Metabolites And Biomacromolecules

Cells of a living organism are made of thousands of organic compounds. Besides these, many molecules are formed during metabolism. The compounds which are produced in or required for metabolism are called metabolites. All metabolites are biomolecules. Metabolites are micromolecules usually which are involved in many cellular functions such as energy, stimulation, inhibition, protection, etc.

Metabolites are divided into two types, based on their role in cellular activities. A metabolite which is directly involved in physiological functions and help in growth, reproduction, and maturity is called primary metabolite. Amino acids, saccharides, nitrogen bases, cholesterol, etc., are a few examples of primary metabolites. The metabolite which is produced from the primary metabolite and is not directly involved in the physiological functions is known as secondary metabolite, e.g. pigments, pheromones, antibiotics, alkaloids, etc.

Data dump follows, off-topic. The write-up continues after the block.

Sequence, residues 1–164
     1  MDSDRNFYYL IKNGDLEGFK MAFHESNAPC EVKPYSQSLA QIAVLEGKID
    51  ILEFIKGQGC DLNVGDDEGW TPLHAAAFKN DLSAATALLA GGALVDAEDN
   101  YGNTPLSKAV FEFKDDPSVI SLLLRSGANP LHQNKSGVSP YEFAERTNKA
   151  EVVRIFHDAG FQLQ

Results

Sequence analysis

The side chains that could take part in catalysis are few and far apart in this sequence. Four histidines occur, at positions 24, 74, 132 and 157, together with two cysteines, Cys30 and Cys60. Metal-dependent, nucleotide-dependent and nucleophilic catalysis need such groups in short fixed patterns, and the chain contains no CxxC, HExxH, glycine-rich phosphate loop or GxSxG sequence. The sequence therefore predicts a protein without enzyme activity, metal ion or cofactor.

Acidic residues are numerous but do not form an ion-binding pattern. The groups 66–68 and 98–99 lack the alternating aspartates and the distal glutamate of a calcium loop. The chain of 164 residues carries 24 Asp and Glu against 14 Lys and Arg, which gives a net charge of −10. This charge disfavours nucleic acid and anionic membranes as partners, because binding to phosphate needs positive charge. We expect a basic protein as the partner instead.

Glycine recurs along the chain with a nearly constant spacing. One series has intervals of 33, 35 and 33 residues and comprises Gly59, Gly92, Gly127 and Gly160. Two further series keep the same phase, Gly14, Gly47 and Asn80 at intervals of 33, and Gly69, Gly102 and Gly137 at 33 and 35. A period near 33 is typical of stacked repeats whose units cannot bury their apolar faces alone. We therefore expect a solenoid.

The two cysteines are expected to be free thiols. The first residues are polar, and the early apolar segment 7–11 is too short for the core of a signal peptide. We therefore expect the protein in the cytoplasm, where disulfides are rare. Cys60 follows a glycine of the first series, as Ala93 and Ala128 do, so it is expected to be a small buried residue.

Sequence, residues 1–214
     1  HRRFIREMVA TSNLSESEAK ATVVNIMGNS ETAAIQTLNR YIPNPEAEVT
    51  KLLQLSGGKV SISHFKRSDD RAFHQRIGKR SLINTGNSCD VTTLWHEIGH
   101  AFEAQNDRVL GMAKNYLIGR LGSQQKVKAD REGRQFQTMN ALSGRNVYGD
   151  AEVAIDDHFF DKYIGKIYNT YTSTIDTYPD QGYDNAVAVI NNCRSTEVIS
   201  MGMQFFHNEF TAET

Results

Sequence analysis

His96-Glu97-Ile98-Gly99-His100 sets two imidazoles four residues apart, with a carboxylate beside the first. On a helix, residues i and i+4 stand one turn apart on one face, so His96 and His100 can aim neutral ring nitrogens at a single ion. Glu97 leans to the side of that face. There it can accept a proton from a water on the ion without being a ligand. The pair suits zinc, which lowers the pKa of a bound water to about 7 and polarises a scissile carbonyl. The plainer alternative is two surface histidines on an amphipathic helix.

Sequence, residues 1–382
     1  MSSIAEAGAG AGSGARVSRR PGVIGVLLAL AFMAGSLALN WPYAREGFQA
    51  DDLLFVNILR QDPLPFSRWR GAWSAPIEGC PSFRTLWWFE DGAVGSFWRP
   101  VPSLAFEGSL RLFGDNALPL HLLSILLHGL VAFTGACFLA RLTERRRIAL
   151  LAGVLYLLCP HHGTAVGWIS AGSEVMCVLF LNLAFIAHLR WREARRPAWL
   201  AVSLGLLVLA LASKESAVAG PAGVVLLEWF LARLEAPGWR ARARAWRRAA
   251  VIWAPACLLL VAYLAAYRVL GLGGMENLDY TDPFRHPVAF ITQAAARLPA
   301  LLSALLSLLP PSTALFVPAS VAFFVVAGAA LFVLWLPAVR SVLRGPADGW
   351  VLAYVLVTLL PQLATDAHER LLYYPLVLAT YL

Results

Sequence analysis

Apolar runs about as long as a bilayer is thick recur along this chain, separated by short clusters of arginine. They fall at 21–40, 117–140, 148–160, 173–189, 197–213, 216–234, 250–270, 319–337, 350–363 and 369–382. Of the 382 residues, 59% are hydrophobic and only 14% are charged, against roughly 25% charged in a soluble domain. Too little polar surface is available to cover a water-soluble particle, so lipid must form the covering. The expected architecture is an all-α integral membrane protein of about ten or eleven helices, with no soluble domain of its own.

Secondary Metabolites


Any carbon-containing molecule i.e., organic compounds present in a living cell, is called a biomolecule. Based on the molecular weight, biomolecules are classified into two, namely micromolecules and macromolecules.

Macromolecules are those biomolecules which have a molecular weight less than 10,000 Dalton (Da). This includes the primary metabolites and secondary metabolites. Macromolecules are acid soluble and their molecular weights range from 18 to 800 Da.

Macromolecules are biomolecules which are characterized by their acid insoluble property. Proteins, carbohydrates, lipids, nucleic acids are the macromolecules found in living organisms; they are also called biomacromolecules. They have a molecular weight of more than ten thousand daltons. However, lipids are an exception. Though lipids have a molecular weight of less than 800 Da, they are classified as biomacromolecules because of their acid insoluble property. Hence, lipids are not strictly macromolecules.Biomacromolecules

Lipids are an important component of cell membranes. Even if we try to crush and mix them with water or acid, they will always remain aloof from mixing. Despite their molecular weight, they are considered as an acid insoluble moiety. Thus, we could conclude that lipids are macromolecules for which the size doesn’t matter.

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